## Electronic polarization-division demultiplexing based on digital signal processing in intensity-modulation direct-detection optical communication systems |

Optics Express, Vol. 22, Issue 2, pp. 1971-1980 (2014)

http://dx.doi.org/10.1364/OE.22.001971

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### Abstract

We propose a novel configuration of optical receivers for intensity-modulation direct-detection (IM·DD) systems, which can cope with dual-polarization (DP) optical signals electrically. Using a Stokes analyzer and a newly-developed digital signal-processing (DSP) algorithm, we can achieve polarization tracking and demultiplexing in the digital domain after direct detection. Simulation results show that the power penalty stemming from digital polarization manipulations is negligibly small.

© 2014 Optical Society of America

## 1. Introduction

1. E. Yamazaki, S. Yamanaka, Y. Kisaka, T. Nakagawa, K. Murata, E. Yoshida, T. Sakano, M. Tomizawa, Y. Miyamoto, S. Matsuoka, J. Matsui, A. Shibayama, J. Abe, Y. Nakamura, H. Noguchi, K. Fukuchi, H. Onaka, K. Fukumitsu, K. Komaki, O. Takeuchi, Y. Sakamoto, H. Nakashima, T. Mizuochi, K. Kubo, Y. Miyata, H. Nishimoto, S. Hirano, and K. Onohara, “Fast optical channel recovery in field demonstration of 100-Gbit/s Ethernet over OTN using real-time DSP, ” Opt. Express **19**, 13139–13184 (2011). [CrossRef]

2. K. Kikuchi, “Performance analyses of polarization demultiplexing based on constant-modulus algorithm in digital coherent optical receivers,” Opt. Express **19**, 9868–9880 (2011). [CrossRef] [PubMed]

3. K. Kikuchi, “Digital coherent optical communication systems: Fundamentals and future prospects,” IEICE Electron. Express **8**, 1642–1662 (2011). [CrossRef]

1. E. Yamazaki, S. Yamanaka, Y. Kisaka, T. Nakagawa, K. Murata, E. Yoshida, T. Sakano, M. Tomizawa, Y. Miyamoto, S. Matsuoka, J. Matsui, A. Shibayama, J. Abe, Y. Nakamura, H. Noguchi, K. Fukuchi, H. Onaka, K. Fukumitsu, K. Komaki, O. Takeuchi, Y. Sakamoto, H. Nakashima, T. Mizuochi, K. Kubo, Y. Miyata, H. Nishimoto, S. Hirano, and K. Onohara, “Fast optical channel recovery in field demonstration of 100-Gbit/s Ethernet over OTN using real-time DSP, ” Opt. Express **19**, 13139–13184 (2011). [CrossRef]

## 2. SOP of the DP signal

*λ*/2) and a polarization beam combiner (PBC). The tributary 1 has the linear

*x*polarization at the transmitter, whereas the tributary 2 does the linear

*y*polarization. The intensity of the lasers is modulated in a binary manner. In a low logic level, the intensity of each tributary is zero. In the following analysis, we assume that the intensity of each tributary in a high logic level is two so that the average intensity is normalized to unity when both logic levels occur at the same probability of 1/2.

## 3. Receiver configuration

*I*. Inserting a polarizer (0° Pol), whose transmission axis is the

_{t}*x*axis, we measure the intensity of the

*x*-polarization component

*I*in the second branch. Using a polarizer (45° Pol), whose transmission-axis is rotated by 45° with respect to the positive

_{x}*x*axis, we detect the intensity of the 45° linearly-polarized component

*I*

_{45°}in the third branch. With a quarter-wave plate (

*λ*/4), whose fast axis is aligned to the

*x*axis, and a 45°-rotated polarizer (45° Pol), we measure

*I*, which is the intensity of the right-circularly-polarized component, in the fourth branch. This configuration is known as the Stokes analyzer, which determines Stokes parameters from

_{R}*I*,

_{t}*I*,

_{x}*I*

_{45°}, and

*I*[4] as

_{R}## 4. DSP circuit

*S*

_{0}(

*n*) with the threshold

*S*, where

_{th}*n*denotes the number of samples. When

*S*

_{0}(

*n*) ≤

*S*, both of the tributaries are decided to be in the low level.

_{th}**v**(

*n*) be a noise-free unit vector expressing the SOP of the tributary 1 at the receiver (See Fig. 2). Note that the SOP for the tributary 2 is given as −

**v**(

*n*) in such a case. Provided that

**v**(

*n*) is known, we can calculate the inner product between the received normalized Stokes vector

**S**(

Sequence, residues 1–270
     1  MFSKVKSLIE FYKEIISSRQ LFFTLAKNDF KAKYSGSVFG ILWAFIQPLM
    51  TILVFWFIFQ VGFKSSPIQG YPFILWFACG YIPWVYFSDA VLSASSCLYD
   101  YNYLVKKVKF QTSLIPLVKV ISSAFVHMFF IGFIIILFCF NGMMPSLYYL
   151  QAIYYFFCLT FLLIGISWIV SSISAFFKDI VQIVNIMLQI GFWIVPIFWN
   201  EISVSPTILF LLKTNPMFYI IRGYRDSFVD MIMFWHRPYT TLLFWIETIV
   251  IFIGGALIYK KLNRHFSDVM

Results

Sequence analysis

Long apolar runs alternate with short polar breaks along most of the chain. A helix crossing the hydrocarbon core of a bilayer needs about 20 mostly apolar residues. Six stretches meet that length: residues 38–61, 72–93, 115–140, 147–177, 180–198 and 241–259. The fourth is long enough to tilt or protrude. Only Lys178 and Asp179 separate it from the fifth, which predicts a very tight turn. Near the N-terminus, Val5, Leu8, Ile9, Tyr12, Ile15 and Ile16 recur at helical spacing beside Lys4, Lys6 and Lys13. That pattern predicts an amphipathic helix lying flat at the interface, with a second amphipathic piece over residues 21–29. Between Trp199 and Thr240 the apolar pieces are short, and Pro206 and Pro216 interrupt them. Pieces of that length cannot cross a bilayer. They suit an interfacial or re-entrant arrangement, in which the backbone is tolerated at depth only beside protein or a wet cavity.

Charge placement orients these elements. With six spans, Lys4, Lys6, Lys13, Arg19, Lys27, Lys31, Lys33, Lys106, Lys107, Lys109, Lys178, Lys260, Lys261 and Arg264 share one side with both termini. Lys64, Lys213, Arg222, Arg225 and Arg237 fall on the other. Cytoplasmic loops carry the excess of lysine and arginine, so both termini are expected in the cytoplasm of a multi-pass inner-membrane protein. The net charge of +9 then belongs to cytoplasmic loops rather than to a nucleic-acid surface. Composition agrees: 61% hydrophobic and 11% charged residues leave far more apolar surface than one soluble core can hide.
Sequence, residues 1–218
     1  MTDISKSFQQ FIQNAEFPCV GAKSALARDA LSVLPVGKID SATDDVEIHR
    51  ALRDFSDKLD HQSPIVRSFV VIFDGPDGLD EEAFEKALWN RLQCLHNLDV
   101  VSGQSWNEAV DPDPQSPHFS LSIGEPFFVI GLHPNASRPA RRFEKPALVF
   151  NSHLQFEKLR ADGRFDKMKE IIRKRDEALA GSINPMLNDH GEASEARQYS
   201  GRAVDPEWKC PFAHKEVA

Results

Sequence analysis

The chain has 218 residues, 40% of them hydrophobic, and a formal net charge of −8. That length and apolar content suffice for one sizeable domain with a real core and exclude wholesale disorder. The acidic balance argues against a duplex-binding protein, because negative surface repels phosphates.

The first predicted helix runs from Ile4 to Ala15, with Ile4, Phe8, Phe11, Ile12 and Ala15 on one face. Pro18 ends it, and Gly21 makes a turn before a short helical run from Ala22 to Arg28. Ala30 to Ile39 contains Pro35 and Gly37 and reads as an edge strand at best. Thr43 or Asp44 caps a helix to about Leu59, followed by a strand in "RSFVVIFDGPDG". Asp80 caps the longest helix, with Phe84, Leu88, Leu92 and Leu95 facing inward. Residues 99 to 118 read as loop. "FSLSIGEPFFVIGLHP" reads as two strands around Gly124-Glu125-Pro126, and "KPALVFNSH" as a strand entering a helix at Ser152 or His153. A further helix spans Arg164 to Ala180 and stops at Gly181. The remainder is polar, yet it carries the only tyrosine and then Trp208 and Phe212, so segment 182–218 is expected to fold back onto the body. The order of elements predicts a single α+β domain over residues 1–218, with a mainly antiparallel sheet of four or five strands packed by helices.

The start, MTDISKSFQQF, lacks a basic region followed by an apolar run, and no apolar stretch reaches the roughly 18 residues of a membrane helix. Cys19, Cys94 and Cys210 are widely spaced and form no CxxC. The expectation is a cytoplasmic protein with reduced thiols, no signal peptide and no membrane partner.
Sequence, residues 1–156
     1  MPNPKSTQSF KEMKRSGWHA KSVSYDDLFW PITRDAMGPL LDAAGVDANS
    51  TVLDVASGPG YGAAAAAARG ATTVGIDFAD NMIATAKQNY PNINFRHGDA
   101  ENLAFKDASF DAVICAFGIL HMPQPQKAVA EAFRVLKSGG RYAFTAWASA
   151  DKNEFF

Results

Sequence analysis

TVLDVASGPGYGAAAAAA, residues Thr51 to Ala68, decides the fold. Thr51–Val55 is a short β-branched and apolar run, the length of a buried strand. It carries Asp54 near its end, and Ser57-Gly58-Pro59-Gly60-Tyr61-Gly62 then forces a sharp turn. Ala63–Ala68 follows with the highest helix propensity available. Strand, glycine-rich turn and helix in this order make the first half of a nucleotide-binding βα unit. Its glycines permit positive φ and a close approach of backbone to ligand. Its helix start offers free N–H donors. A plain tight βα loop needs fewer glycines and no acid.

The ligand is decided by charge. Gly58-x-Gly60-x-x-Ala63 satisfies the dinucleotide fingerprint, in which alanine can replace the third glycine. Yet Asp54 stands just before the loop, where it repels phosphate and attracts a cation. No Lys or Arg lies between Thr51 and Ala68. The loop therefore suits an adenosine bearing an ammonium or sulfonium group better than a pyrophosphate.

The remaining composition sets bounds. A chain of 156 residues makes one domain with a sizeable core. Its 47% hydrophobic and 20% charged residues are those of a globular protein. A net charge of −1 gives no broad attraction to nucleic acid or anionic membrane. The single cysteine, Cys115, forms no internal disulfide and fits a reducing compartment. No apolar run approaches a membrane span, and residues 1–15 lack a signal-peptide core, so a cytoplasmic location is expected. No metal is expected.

*n*)/

*S*

_{0}(

*n*) and the reference Stokes vector

**v**(

*n*) as which means the normalized Stokes-vector amplitude along the direction of the reference Stokes vector. Then, Fig. 2 shows that we can separate the three cases (II)(a), (II)(b), and (III), discriminating the distribution of

*u*(

*n*) into three regions. Let discrimination thresholds for

*u*(

*n*) be

*u*(> 0) and −

_{th}*u*. When

_{th}*u*(

*n*) ≥

*u*, we decide that the measured sample belongs to the tributary 1. In such a case, the tributary 1 is in the high level, whereas the tributary 2 is in the low level. The reference Stokes vector is then updated as where

_{th}*μ*is the step-size parameter. Equation (6) shows that the reference vector

**v**(

*n*) is modified by using the error signal

*ε*=

**S**(

*n*)/

*S*

_{0}(

*n*) −

**v**(

*n*) and tracks the SOP of the tributary 1 even when it fluctuates on the Poincaré sphere due to the random change in fiber birefringence. A smaller value of

*μ*improves the signal-to-noise ratio of

**v**(

*n*) but reduces the SOP tracking speed; therefore, we need to choose an optimum value of

*μ*, depending on the SOP fluctuation speed.

*u*(

*n*) ≤ −

*u*, we decide that the measured sample belongs to the tributary 2. In such a case, the tributary 1 is in the low level, whereas the tributary 2 is in the high level. Reversing the sign of the normalized Stokes vector in Eq. (6), we have the update formula for

_{th}**v**(

*n*) given as where the error signal

*ε*= −

**S**(

*n*)/

*S*

_{0}(

*n*) −

**v**(

*n*) controls the reference Stokes vector.

*u*(

*n*)| <

*u*, both of the tributaries are in the high level. We do not update the reference Stokes vector, because the SOP is not fixed in such a case. It should be noted that in cases (I) and (III), we do not update the reference Stokes vector and keep that defined in the nearest preceding case of (II); however, since the fluctuation speed of the reference Stokes vector is much slower than the bit rate, such thinned-out operation of the update process never degrades the BER performance as shown in 5.3.

_{th}**v**(

*n*) is known, the update process using Eqs. (6) and (7) can start from an arbitrary reference vector in the blind mode. However, depending on the initial choice of the reference Stokes vector, the tributaries 1 and 2 may be exchanged. After a sufficient number of iteration with the proper choice of

*μ*, the initial tracking process is converged and we can find an accurate estimate for

**v**(

*n*) even under very fast SOP fluctuations. Thus, we can discriminate the four cases (I), (II)(a), (II)(b), and (III). Finally, we complete the demodulation process, aligning bit sequences of the tributaries.

## 5. Simulation results

### 5.1. Simulation model

*N*= 2

^{20}. The Jones vector of the DP signal at the transmitter is written as Complex amplitudes of electric fields

*E*(

_{in, x}*n*) and

*E*(

_{in, y}*n*) are given as In these equations,

*s*(

_{x}*n*) and

*s*(

_{y}*n*) are signal amplitudes, which are either

*n*(

_{x}*n*) and

*n*(